If you really want to be where the people are, it comes with an understanding that Disney’s highly anticipated reimagining of “The Little Mermaid” solidifies diversity, inclusion and representation as the new frontier in Hollywood.
Presenting a color-blind aesthetic as if it were “Bridgerton Jr.,” this live-action “Little Mermaid” doesn’t look like the beloved 1989 animated film at all. But that’s the point. In an attempt to offer moviegoers a fresh perspective of a young mermaid princess yearning to break free, the casting of Halle Bailey as Ariel stands as an unabashed embrace of Blackness rarely seen in mainstream pop culture.
Whenever something or someone disrupts what is perceived as comfortable it’s always going to make waves, especially in the media. For instance, it wouldn’t be controversial for a Black Ariel to be fodder for “Saturday Night Live” or “A Black Lady Sketch Show,” but when the same idea is intended for the big screen backed by Disney with a $250 million budget it’s suddenly the end of the world.
The viral hashtag #NotMyAriel sought to derail Bailey’s involvement, but her portrayal is so convincingly endearing and sweet you’ll wonder what all the fuss was about. Considering Ariel spends half of the film mute, Bailey’s expressive inquisitiveness and beguiling femininity keeps the action light and charming, especially in Ariel’s castle scenes opposite Prince Eric (serviceable hunk Jonah Hauer-King). Most compelling is her stunning rendition of “Part of Your World” particularly shot in close-up, an indication that director Rob Marshall (“Chicago”) grasped the intimate poignancy of not only Ariel’s longing for the world above but Bailey’s star-making potential. It is a beautifully breathtaking moment.
Equally excellent is Melissa McCarthy, full of side-eye sarcasm and obsessively over-the-top disdain as vengeful sea witch Ursula. With tentacles proudly swinging, her fabulously menacing rendition of “Poor Unfortunate Souls” is the kind of knockout that could open the door to more musical theatre roles. (She would be a fantastic Dolly Levi in “Hello, Dolly!”).
Daveed Diggs (Sebastian) and a particularly hilarious Awkwafina (Scuttle) greatly add to the fun, especially in “Kiss the Girl,” exceptionally executed in a manner rivaling the animated film, and “The Scuttlebutt,” a new hip-hop-infused number featuring lyrics by Lin-Manuel Miranda (“Hamilton”) that injects the story with a cool contemporary pulse. There’s also notable strength in the authoritatively regal performance of Tony Award nominee Noma Dumezweni (“Harry Potter and The Cursed Child”), leading a multiracial Caribbean kingdom as The Queen.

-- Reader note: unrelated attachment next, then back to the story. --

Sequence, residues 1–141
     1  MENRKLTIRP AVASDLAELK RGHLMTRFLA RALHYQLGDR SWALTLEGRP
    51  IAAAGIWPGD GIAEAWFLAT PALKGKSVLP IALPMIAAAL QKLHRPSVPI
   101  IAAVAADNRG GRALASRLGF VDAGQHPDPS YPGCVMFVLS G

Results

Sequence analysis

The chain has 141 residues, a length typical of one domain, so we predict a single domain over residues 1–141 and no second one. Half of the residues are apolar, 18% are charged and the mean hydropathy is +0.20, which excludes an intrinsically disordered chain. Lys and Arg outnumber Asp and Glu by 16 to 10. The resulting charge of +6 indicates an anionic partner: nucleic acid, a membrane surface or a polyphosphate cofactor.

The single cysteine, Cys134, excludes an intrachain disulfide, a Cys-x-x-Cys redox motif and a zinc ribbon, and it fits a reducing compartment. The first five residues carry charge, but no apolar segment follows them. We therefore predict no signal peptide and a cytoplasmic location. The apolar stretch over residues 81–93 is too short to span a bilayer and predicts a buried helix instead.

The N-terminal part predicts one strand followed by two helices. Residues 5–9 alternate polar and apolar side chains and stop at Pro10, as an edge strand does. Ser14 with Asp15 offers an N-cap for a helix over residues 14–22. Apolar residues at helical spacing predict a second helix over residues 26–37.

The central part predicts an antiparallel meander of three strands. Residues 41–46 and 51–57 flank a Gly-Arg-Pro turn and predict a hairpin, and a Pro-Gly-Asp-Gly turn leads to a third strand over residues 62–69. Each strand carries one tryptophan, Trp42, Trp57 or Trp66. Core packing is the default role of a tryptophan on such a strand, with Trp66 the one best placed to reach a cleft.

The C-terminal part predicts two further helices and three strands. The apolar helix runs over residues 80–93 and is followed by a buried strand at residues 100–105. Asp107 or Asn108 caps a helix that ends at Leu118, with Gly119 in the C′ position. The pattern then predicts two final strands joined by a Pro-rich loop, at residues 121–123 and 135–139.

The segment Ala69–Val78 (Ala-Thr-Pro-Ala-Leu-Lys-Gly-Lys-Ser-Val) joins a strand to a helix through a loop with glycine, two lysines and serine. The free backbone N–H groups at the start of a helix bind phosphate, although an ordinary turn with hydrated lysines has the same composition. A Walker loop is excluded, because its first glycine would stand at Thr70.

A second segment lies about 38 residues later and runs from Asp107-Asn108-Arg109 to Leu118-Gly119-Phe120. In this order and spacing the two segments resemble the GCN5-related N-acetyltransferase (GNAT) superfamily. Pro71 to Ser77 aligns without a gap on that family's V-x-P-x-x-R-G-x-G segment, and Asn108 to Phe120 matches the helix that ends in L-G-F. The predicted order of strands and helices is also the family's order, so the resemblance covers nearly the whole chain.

As is the case with remakes, some aspects do not go over swimmingly. The visual effects in the climax are completely overdone, Javier Bardem stiffly underplays King Triton, and I’m still wondering why “Les Poissons,” a reliably kooky opportunity for surefire comic relief, couldn’t have been adapted to suit the whimsical capabilities of the live-action format.
Nonetheless, “The Little Mermaid” goes all in on diversity without flinching. And in many respects, it’s a long time coming. Toni Braxton was the first Black woman to play Belle on Broadway in “Beauty and the Beast,” Norm Lewis, seen in Dayton in February leading the national tour of “A Soldier’s Play,” originated King Triton on Broadway, and the aforementioned Miranda, who has Puerto Rican roots, adopted a Cockney accent as Jack opposite Emily Blunt in “Mary Poppins Returns.” It was inevitable that more Disney properties would be reevaluated with a broader brush on a larger scale sooner or later.
The power of storytelling lies in its retelling. Uncovering new ways to explore familiar characters and their surroundings expands the imagination and possibilities of the next generation.
From the enthusiastic applause heard after the Thursday evening screening I attended at Cinemark Huber Heights, it sounds like Disney, in the end, was on the right side of history.